What is a Shock Wave?-Definition, Generation, Types, And Applications
What is a Shock Wave?
Shockwaves are high-frequency sound waves that travel at speeds greater than the speed of sound (approximately 1,100 miles per hour). These waves are generated by a variety of devices including air guns, water cannons, and piezoelectric transducers.
Shock waves are created through various sources like electrical currents, lightning strikes, and nuclear explosions. The frequency of the shock wave depends on the speed of the current. At a low speed, the frequency of the shock wave is high while at a higher speed, the frequency decreases.
Shock waves travel in the form of waves. Shock waves travel in the form of waves at a velocity of around 2,200 km/s. Shock waves have the ability to penetrate solid objects like metal, stone, and wood. The density of the medium is the key factor in generating shock waves.
Shockwaves are created when a wave travels faster than its surroundings. When a wave travels at a speed greater than the surrounding air, the air gets compressed and is forced outwards. This creates a shockwave.
How to generate a shock wave?
Shock waves are generated through the use of an electric charge. There are several methods that can be used to generate a shock wave including
- Direct current (DC) discharge
- Impulsive DC discharge
- Alternating current (AC) discharge
- The alternating current shock wave generator
Types of shock wave
There are two types of shock wave
- Oblique shocks
- Bow shocks
When analyzing shock waves in a flow field, which are still attached to the body, the shock wave which is deviating at some arbitrary angle from the flow direction is referred to as oblique shock. In order for the oblique shock to be treated as a normal shock, it is necessary to analyze the flow in a way that allows for the treatment of the flow in an orthogonal direction to the oblique shock.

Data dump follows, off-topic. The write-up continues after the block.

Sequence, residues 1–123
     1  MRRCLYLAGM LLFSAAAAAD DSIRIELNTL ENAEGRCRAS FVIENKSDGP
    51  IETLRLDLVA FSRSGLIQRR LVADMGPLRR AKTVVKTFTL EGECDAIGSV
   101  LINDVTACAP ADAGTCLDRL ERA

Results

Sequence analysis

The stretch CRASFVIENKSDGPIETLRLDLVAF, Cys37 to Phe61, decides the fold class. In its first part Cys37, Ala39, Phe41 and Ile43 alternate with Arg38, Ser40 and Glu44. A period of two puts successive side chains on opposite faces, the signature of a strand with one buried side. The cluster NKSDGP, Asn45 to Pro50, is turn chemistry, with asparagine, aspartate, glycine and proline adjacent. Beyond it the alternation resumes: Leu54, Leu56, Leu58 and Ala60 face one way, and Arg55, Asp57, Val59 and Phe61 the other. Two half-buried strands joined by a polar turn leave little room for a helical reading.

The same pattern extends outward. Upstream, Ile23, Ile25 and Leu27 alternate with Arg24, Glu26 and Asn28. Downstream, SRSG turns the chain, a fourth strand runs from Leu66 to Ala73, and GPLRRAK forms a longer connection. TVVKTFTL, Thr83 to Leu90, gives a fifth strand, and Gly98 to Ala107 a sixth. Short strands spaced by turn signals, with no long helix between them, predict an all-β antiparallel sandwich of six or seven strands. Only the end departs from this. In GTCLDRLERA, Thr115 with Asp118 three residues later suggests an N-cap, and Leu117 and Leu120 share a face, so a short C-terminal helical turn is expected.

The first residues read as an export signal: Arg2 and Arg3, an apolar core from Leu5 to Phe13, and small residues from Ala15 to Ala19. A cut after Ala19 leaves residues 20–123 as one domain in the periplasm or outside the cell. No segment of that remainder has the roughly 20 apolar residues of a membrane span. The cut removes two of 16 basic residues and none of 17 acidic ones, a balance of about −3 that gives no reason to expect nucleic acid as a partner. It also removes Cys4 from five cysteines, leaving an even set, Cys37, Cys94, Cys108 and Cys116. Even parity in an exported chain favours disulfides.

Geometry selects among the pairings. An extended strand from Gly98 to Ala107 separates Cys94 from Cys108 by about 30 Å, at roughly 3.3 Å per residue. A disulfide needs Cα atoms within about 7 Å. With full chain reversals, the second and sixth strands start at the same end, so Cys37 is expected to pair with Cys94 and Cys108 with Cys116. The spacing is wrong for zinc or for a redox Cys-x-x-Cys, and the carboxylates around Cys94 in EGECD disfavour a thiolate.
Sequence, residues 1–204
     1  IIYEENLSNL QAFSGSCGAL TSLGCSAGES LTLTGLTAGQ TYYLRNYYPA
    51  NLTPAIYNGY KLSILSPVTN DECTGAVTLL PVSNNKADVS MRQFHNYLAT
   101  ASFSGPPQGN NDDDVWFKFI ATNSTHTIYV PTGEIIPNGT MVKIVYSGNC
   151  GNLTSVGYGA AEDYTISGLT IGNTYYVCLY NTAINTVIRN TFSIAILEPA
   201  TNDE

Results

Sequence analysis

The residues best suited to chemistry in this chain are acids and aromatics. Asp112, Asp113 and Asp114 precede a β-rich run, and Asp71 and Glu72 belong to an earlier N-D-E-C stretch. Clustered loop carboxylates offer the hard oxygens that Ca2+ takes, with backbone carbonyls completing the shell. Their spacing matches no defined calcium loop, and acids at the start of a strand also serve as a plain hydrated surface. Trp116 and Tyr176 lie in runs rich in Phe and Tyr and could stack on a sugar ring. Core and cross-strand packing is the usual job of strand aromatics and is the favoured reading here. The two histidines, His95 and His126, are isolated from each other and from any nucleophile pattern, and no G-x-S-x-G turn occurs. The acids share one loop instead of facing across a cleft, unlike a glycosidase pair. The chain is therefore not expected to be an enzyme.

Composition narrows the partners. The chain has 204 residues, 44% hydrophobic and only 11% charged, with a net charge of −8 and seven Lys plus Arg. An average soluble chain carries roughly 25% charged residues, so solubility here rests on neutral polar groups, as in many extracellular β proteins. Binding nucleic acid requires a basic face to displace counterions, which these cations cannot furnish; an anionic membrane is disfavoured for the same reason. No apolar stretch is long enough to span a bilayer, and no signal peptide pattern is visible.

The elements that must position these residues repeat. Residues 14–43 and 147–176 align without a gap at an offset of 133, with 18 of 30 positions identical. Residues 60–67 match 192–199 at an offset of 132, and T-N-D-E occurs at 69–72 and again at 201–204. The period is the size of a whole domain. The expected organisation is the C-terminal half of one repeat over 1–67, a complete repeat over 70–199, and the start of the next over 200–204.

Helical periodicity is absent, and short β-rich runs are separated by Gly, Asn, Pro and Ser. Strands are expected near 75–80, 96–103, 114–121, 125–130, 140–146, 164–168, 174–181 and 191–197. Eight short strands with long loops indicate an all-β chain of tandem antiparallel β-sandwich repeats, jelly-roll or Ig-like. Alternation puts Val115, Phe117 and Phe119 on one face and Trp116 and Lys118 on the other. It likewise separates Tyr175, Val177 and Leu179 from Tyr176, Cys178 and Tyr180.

The shock wave will form a continuous pattern around the body when an oblique shock is likely to form at an angle that cannot remain on the surface. Bow shocks are what they are referred to as. The 1d flow model is not valid in these cases because the further analysis is needed to predict the pressure forces which are exerted on the surface.
Shock wave Application
The use of shock waves in medicine has been going on for a long time. They are used in dentistry to remove plaque from the teeth. In physical therapy, they are used to treat muscle spasms and joint pain.
In addition to traumatology, shock waves are also used in orthopedics. Potential applications in cancer, cardiology, dentistry, gene therapy, cell transfection, a transformation of fungi and bacteria, as well as the inactivation of microorganisms are all promising approaches for clinical treatment, industrial applications, and research.